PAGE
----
I don't like to examine fiction too often from the standpoint of what it was I think the author or authors were trying to do. It's sort of presumptuous and I am normally wrong. But I will try here anyway for a second before getting into the meat of my review because, well...I don't know. I'm just going to.
Crossovers between major books in a continuity are nothing new. DC and Marvel make regular huge bucks off of them, so it's no wonder IDW tried as well. My hypothesis is that this particular story came about as trying to clear away some of the rubbish that existed from the run of the previous writers—most notably the "Dark Universe" idea.
I could spent a lot of time on how much I dislike any alternate reality storylines in fiction, but for this particular scenario, let me just put it this way: the Transformers exist as a space-faring species that are able to, it seems, cross the entirety of the universe with ease. And the only thing that they are able to reasonably combat and engage with has to come from a completely new universe? This sort of splitting into alternate realities is something we almost expect from stories set on Earth, restricted to Earth-creatures who don't hold dominance over star travel. But the Transformers do, and so requiring them to fight something from another dimension (and to fight THEMSELVES from another dimension) is a far cry from the fun swashbuckling tales from MTMTE and the engaging political intrigue from RID. But, maybe that it's a far cry from these was part of the point.
Anyway, the palette is cleansed, now. The Dark Universe is done. This big storyline is not without its merits (not by a long shot). I read all of them in the space of about a day. I enjoyed the many competing paternalistic influences, from the benovolent (Pax/Prime) to the irrational (Rodimus) to the nasty (Nova) to the indeterminable (Megatron) to the irascibly moral (Bumblebee). With so many tugs in so many different directions on the ethical latitudes of the Cybertronians, it's no wonder they've been in perpetual war. Everybody makes a certain sort of sense, which is terrifying considering some of their objectives.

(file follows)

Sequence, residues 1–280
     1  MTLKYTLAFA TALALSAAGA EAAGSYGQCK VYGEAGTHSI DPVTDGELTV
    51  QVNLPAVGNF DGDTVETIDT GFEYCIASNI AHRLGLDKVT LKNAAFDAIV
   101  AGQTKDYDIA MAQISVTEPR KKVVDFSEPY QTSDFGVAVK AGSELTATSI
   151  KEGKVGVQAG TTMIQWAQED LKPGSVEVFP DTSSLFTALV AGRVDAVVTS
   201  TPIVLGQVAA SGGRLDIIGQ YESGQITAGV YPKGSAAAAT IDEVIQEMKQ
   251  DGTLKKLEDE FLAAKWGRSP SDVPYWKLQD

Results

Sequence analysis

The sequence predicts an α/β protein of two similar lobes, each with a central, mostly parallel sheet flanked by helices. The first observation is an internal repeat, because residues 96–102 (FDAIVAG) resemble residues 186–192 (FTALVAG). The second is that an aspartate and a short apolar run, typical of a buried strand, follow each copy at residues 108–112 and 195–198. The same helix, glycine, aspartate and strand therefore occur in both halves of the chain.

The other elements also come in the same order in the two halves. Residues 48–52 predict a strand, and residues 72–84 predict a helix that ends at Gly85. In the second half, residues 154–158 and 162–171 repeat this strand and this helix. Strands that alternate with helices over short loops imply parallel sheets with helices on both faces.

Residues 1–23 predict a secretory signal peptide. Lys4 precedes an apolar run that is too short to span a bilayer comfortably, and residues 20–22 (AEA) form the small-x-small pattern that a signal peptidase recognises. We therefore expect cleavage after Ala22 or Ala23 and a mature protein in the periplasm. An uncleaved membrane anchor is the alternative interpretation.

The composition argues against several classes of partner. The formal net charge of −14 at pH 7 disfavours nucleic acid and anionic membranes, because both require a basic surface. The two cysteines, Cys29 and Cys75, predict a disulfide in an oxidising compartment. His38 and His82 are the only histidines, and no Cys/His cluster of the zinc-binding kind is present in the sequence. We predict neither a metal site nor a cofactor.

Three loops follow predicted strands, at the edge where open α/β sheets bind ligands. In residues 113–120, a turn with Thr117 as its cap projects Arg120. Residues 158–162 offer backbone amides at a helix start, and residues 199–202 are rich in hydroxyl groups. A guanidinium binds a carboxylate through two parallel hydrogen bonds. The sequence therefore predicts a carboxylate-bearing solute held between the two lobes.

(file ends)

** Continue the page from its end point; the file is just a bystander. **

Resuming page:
All anyone can really agree on is that Shockwave is a bad guy, and even Shockwave is only bad (and specifically so) because he is a victim of his government's class-based mutilation of his rights. There is good exploration here of the manner in which we create monsters, in that when we make our punishments as terrible as possible, the things that go on to survive them become even more terrible in response. I mean, I know it's the thing to label Shockwave as some emotionless monster, but his goal is literally to keep things in stasis forever. Imagine that; a guy who has been horribly disfigured by his government wanting that to become literally impossible to ever happen again.
The thing I like about Transformers is the mirror that it holds up to ourselves. This is what I like about all science fiction. If there's a mirror here, it's not entirely friendly; but at least, it seems as though the Cybertronians are learning their lesson a little bit by the end of it. We can only hope the same.